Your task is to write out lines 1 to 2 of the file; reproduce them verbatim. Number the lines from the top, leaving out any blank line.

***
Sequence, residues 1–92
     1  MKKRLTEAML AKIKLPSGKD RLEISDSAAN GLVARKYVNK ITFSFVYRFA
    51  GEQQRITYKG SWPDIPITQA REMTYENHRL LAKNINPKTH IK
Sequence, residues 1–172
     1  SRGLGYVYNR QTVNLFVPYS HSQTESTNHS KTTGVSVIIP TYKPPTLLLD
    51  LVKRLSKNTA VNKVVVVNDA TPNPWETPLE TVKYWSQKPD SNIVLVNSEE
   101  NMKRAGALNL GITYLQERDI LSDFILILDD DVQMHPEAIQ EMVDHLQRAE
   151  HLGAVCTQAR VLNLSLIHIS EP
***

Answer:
Sequence, residues 1–92
     1  MKKRLTEAML AKIKLPSGKD RLEISDSAAN GLVARKYVNK ITFSFVYRFA